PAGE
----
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Amazon Kindle App Gets Friendlier with Apple, Android (Update)

Posted by: Cliff Edwards on June 28, 2010 Inc., the world’s biggest Internet retailer, doesn’t plan to cede ground in its growing digital books business.
To that end, it’s adding features to the application that make its digital books available on competing devices — a move designed to ensure it won’t lose sales even as consumers read books on rivals’ machines and Apple makes enhancements to its own digital book application.
The Seattle-based company announced that Kindle books on Apple Inc.’s iPad, iPhone and iPod Touch will be able to offer embedded video and audio clips. The move comes just days after Apple added new features to its iBook application for the iPhone, iPod Touch and iPad devices, including over-the-air syncing of bookmarks and notes, easy PDF viewing and new font choices. The online retailer quickly followed that with another announcement June 28, that it had begun offering its Kindle app in Google Inc.’s Android Market for Android-powered phones such as the Sprint EVO made by HTC and Samsung’s upcoming Galaxy S line of phones, which will be carried by all four major U.S. carriers this summer.
Analysts have said dedicated eBook reader devices such as the Kindle could lose ground in coming years to devices like the iPad, which offer full color screens and are capable of doing other tasks, including viewing video.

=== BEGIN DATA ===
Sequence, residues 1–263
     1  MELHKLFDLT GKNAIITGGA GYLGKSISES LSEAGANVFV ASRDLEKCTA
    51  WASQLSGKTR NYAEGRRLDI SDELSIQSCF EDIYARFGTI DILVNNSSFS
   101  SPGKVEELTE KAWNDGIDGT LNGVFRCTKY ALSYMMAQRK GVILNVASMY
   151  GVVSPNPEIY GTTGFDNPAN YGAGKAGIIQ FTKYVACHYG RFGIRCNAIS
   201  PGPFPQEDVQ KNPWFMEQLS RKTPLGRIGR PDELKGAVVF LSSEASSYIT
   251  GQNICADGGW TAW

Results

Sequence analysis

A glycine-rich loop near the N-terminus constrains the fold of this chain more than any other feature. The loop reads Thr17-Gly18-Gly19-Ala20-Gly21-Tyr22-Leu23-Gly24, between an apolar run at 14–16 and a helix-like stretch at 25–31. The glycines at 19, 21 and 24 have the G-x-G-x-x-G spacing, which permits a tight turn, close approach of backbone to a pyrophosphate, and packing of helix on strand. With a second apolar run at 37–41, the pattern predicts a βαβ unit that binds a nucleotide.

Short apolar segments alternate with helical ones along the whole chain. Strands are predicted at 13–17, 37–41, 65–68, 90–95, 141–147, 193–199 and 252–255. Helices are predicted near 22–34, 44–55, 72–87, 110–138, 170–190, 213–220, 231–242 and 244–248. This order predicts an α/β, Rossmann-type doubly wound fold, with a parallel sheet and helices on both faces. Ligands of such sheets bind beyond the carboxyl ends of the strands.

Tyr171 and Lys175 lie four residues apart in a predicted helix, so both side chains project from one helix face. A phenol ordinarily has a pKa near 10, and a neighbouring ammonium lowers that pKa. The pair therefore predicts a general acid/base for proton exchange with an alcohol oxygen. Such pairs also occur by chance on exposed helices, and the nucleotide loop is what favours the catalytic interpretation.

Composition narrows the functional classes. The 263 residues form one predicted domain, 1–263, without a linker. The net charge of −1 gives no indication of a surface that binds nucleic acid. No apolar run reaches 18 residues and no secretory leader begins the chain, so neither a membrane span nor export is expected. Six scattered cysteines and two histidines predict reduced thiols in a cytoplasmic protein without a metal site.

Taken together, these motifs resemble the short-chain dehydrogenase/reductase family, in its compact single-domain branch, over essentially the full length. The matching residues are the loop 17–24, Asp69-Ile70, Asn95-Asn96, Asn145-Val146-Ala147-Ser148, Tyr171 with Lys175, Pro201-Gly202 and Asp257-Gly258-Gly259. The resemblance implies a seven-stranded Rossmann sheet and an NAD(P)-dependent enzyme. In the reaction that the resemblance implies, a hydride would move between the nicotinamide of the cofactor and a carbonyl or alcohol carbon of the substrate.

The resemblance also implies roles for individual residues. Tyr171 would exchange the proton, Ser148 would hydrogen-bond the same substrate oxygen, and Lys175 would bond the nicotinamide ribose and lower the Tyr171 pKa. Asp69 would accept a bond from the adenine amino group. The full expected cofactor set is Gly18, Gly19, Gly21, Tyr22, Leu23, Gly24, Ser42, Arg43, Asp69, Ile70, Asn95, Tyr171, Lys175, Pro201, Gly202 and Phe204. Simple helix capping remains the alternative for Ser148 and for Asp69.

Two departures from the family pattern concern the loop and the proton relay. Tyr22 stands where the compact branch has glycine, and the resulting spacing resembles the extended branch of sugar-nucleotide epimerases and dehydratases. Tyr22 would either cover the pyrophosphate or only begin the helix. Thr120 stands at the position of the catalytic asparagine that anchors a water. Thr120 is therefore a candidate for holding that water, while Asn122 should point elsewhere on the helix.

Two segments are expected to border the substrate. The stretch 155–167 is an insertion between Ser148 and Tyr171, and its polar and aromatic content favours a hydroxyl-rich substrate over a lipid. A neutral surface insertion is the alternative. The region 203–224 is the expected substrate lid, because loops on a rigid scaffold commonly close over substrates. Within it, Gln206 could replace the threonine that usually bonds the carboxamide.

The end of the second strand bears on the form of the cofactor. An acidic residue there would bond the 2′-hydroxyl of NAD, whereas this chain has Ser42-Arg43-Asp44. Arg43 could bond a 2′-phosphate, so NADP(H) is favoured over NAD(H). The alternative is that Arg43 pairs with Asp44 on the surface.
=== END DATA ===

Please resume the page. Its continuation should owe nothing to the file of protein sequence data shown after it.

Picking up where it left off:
Amazon Chief Executive Jeff Bezos has said the company plans to release a new, sleeker version of the Kindle, with an upgraded screen, in August. Amazon slashed the price of the Kindle 2 to $189 from $259 on June 21 after retailer Barnes & Noble cut the price of its Nook reader to $199.
Even as Amazon attempts to maintain its hefty market share for dedicated reader devices, the Apple move makes clear that Amazon sees the real threat coming from all manner of devices that can sell books, music and other content that helped make it a household name. Its strategy to make the Kindle application not only available on rival devices such as the iPad but more sophisticated could pay off in the short term as it readies its own color-enabled device. So far, Bezos has been tentative about the color market, and most recently said an LCD-type device is a long ways off because it can’t be read well in the sunlight.

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Bloomberg Businessweek writers Peter Burrows, Cliff Edwards, Olga Kharif, Aaron Ricadela, and Douglas MacMillan, dig behind the headlines to analyze what’s really happening throughout the world of technology. Tech Beat covers everything from tech bellwethers like Apple, Google, and Intel and emerging new leaders such as Facebook to new technologies, trends, and controversies.



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